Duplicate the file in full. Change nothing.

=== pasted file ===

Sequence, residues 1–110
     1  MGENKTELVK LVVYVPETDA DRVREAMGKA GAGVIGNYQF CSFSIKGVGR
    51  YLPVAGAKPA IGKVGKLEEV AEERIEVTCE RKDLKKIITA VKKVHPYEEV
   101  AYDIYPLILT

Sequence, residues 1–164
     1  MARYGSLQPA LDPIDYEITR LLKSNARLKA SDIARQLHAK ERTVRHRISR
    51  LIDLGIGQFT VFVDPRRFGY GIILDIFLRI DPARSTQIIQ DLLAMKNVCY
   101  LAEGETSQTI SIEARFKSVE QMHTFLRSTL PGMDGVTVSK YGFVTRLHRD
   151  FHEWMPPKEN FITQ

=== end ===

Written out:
Sequence, residues 1–110
     1  MGENKTELVK LVVYVPETDA DRVREAMGKA GAGVIGNYQF CSFSIKGVGR
    51  YLPVAGAKPA IGKVGKLEEV AEERIEVTCE RKDLKKIITA VKKVHPYEEV
   101  AYDIYPLILT

Sequence, residues 1–164
     1  MARYGSLQPA LDPIDYEITR LLKSNARLKA SDIARQLHAK ERTVRHRISR
    51  LIDLGIGQFT VFVDPRRFGY GIILDIFLRI DPARSTQIIQ DLLAMKNVCY
   101  LAEGETSQTI SIEARFKSVE QMHTFLRSTL PGMDGVTVSK YGFVTRLHRD
   151  FHEWMPPKEN FITQ